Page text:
The reassembly took several hours if you had the skill. Burroughs also had a chlorinated solvent called Platen Restorer which we sold in small bottles for cleaning platens. We would use this nasty little chemical to soak parts as well although you had to be careful as it would damage some materials. I am going to look back at some old tool catalogues and see if I can get a better description of the oils and cleaners we used at the time.

Also, anyone who needs spring hooks, both push and pull, I have a bunch. The very same as the ones that were used to fix the old adders at Burroughs.

If you were removing springs you absolutely needed a set of spring hooks. I wish I could show you all how we held a push and a pull together to install a spring way down inside a machine. If anyone is interested let me know and we can figure out a price.

From: Nicholas Bodley
Subject: The way I remember it at Burroughs
Date: January 2, 1998

Michael, it was good to hear from you. Some of us on the List (not me/I, yet!) need this information. As to that oil, maybe Tellus? Industrial lubricants seem to have distinctive names, almost as prescription drugs do.

I'd like to get a couple of spring hooks. Some of the electronics-industry tool houses (who also sell solder and flux, as well as specialty chemicals) are good sources for small hand tools.

From: Skip Godfrey
Subject: Cleaning Office Machines with 'LIX'
Date: January 3, 1998

Hello all - I've been following all the discussion since Ernie mentioned the availability of LIX. When I saw mention of Wynn's (Wynn's Friction Proofing), it rang another bell. When I started tinkering with cars, bbd (back before dirt), Wynn's and Shaler's Rislone were the two most common oil additives that I knew of. I use Rislone in my car - it's available in two formulations: 1 is a 1-quart size which is part standard oil and replaces 1 quart with an oil change; the other is a 1-pint size which is added after an oil change (that's what I use since I don't change my own oil). I don't know the pros and cons of using it - ? ? ? Nicholas ? ? ?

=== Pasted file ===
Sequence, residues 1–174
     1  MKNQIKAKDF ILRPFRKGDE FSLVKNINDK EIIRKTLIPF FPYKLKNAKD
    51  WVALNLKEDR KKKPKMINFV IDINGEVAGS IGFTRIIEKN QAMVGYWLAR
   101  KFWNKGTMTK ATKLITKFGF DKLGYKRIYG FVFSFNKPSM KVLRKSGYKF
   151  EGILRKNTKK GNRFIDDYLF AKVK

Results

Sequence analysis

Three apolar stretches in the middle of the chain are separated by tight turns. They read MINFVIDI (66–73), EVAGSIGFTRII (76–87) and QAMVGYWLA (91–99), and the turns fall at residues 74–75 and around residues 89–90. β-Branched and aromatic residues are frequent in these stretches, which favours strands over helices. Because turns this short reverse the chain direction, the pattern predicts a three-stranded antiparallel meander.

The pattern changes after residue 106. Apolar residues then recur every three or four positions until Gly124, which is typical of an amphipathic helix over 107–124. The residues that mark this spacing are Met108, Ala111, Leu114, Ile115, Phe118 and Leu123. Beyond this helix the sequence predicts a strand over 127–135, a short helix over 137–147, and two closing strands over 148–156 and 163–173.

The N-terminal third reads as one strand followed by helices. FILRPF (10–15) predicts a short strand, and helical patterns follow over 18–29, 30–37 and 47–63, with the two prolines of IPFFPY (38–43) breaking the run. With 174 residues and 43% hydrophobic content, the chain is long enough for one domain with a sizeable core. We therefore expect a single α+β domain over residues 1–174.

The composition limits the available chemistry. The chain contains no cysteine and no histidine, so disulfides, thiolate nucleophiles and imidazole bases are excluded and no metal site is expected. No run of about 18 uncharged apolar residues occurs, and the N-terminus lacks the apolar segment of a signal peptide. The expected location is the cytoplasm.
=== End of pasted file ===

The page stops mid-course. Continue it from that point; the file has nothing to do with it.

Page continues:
From: Skip Godfrey
Subject: Cleaning Office Machines with 'LIX'
Date: January 19, 1998

Hello all - I've meant to join the growing discussion about oils and mention jojoba oil. Several people, including Frank Lindauer, commented about it to me. I've been aware of it for years but only in the context of its use in cosmetics, as a "hair restorative b/4 Minoxidil", etc. Frank, I believe, mentioned that a Cadillac mechanic mentioned it years ago as the best thing to use in transmissions (automatics, I'm sure). It is supposed to be a direct equivalent to whale oil but acceptable nowadays because it's pressed from seeds.

I located a source in 3.4 ounce bottles which run about $20 with shipping. If anyone is interested in experimenting with it, please let me know and I'll send you the address. I ordered some and plan to see what it is like.

From: Ernie Jorgenson
Date: January 19, 1998




For Still Cleaning: Pour one gallon of Lix #12A Concentrate into 6 gallons of Stoddard Solvent.

For Spray Type Cleaning Machines: Lix #12A may be diluted as much as 12 to 1.


Strip the machine in the usual manner (remove platen, feed rolls etc)

Submerge machine in........or spray on.... the prepared solution. Allow 3 to 15 minutes or longer if desired for cleaning. Remove from Lix and rinse in hot water or spray machine with......or submerge in.....a clear mineral solvent. Lubricate according to your established practice.


-Do Not Agitate with air. -Do not take internally.

-Do not use in a copper tank. -Wash thoroughly after handling

-Avoid contact with eyes, skin and clothing.

-Avoid prolonged or repeated breathing.

-Wear goggles or face shield, rubber gloves and protective clothing when handling.


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Revised: June 21, 2004.